Sure enough, as a senior at Banning, Hill helped lead the Pilots to the 3-A championship and was named 3-A player of the year. He was also recruited by several Division I schools and opted for Pepperdine.

But it wasn’t until after the season was over and Hill had already signed with the Waves that his game started to reach a higher level.

Hill gives much of the credit to Paez, who started him on an intense workout routine. He worked with weights two hours a day and fine-tuned his skills by practicing in the school’s gym for 2 1/2 hours up to five times a week through the summer.

“He showed a great deal of dedication and determination,” Paez said. “There was not one day during that period that I thought he slacked off in the least.”

Paez said he worked to develop Hill’s confidence along with his physical skills.

There was a time after he had signed with the Waves when Hill had doubted himself.

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“I don’t think he really envisioned that he could play well at the major-college level until after the season was over,” Paez said. “After he signed, he went through a brief period where he wasn’t sure if he could play at that level. So, along with the work in the weight room, we talked a great deal about that aspect of it.”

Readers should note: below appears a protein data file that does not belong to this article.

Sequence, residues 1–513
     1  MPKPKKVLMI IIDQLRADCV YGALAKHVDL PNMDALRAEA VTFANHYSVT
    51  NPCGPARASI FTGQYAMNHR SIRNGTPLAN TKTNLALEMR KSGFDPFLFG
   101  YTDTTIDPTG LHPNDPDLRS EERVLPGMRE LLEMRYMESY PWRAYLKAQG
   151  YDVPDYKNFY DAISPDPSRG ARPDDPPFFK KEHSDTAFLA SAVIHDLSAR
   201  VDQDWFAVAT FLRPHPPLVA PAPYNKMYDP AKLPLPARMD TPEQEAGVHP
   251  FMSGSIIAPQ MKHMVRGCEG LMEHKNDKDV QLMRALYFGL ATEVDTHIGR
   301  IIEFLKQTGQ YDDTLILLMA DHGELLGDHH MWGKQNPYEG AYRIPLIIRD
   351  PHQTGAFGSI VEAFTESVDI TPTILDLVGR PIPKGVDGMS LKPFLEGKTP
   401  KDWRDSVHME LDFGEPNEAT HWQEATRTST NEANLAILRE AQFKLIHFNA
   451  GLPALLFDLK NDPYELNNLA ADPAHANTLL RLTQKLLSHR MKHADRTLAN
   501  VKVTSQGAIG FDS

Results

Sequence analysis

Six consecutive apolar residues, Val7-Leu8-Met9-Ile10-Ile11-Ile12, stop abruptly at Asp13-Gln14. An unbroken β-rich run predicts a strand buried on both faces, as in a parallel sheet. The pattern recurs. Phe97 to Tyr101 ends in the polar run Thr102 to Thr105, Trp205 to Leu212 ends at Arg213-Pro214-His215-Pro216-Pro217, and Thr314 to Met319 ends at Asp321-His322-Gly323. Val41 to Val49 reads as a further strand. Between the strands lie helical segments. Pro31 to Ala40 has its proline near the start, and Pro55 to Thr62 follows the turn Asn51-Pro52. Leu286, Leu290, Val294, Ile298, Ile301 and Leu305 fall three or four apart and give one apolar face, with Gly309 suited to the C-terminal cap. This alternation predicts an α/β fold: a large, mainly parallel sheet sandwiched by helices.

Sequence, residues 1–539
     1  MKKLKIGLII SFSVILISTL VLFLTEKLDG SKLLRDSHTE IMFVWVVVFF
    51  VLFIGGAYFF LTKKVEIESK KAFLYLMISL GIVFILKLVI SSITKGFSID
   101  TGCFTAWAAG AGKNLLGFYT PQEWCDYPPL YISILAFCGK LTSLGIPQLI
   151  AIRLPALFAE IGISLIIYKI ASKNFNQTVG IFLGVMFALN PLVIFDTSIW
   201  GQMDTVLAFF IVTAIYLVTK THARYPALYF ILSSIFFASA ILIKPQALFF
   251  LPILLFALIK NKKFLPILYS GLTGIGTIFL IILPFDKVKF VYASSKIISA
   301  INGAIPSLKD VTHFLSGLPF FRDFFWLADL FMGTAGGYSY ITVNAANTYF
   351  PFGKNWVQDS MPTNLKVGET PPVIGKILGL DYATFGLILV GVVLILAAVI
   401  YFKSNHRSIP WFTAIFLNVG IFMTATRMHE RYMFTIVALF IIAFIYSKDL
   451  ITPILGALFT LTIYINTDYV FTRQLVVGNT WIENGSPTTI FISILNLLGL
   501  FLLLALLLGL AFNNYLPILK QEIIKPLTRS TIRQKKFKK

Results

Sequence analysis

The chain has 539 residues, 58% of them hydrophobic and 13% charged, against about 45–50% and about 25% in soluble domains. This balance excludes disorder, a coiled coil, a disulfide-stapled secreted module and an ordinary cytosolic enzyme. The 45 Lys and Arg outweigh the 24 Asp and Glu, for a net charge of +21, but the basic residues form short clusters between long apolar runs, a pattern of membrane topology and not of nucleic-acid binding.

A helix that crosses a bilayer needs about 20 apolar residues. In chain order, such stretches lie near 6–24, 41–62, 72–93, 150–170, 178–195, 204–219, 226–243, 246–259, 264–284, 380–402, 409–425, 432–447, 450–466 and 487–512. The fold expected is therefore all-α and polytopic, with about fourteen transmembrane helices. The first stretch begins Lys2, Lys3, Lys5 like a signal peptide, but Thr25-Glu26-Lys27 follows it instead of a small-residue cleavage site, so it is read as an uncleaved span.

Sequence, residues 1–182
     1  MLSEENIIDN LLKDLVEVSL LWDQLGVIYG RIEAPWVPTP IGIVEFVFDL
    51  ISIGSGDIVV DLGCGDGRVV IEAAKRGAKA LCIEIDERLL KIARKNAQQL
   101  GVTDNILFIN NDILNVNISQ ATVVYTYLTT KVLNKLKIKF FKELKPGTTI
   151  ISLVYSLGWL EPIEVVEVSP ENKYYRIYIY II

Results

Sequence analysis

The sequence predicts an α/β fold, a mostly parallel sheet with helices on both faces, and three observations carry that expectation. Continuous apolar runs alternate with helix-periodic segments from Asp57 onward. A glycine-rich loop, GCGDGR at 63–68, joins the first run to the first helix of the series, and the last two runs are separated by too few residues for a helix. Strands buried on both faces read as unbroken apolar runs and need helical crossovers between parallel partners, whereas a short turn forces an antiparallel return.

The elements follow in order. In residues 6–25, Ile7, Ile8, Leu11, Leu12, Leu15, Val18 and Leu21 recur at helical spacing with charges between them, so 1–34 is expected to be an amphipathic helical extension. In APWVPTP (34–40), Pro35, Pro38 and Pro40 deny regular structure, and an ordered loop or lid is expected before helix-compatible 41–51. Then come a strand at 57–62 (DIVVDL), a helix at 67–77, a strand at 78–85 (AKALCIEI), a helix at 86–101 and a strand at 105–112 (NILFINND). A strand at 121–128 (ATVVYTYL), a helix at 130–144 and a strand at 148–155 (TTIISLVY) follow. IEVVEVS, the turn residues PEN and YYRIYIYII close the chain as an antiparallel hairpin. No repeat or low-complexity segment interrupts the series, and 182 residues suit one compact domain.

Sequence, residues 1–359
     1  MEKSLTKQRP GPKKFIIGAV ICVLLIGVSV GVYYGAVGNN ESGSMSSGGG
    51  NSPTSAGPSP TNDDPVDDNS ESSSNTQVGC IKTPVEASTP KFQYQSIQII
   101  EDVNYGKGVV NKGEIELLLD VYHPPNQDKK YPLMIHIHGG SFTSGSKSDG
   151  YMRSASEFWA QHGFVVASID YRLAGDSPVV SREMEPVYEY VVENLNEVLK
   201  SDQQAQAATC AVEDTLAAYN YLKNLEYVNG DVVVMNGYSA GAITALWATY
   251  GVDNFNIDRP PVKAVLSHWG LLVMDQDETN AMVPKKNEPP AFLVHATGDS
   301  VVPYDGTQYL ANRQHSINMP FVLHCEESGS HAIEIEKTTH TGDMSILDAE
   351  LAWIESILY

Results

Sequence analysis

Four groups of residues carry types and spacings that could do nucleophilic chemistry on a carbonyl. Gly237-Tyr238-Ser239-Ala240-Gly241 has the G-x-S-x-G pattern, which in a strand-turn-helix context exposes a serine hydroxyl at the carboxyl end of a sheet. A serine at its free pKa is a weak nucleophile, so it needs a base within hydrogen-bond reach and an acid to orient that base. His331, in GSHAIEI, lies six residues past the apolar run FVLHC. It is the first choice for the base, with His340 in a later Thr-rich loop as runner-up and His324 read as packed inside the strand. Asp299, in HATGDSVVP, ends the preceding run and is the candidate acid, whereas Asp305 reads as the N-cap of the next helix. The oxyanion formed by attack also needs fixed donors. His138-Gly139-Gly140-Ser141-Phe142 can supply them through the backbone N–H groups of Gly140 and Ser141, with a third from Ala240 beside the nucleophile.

All of the hard work appeared to have paid off. Hill was making dramatic strides in practice before he injured his knee.

“We were running the break in an intrasquad scrimmage and I was on the right wing and made a move to the basket and I felt a ping in my knee,” he said. “Later that night, I went to St. John’s Hospital (in Santa Monica) and that’s where they did the surgery.”

It was initially feared that Hill had torn his anterior cruciate ligament--an injury that had sidelined NBA players such as Danny Manning and Ron Harper of the Clippers--and would need major reconstructive surgery that would keep him out the entire season.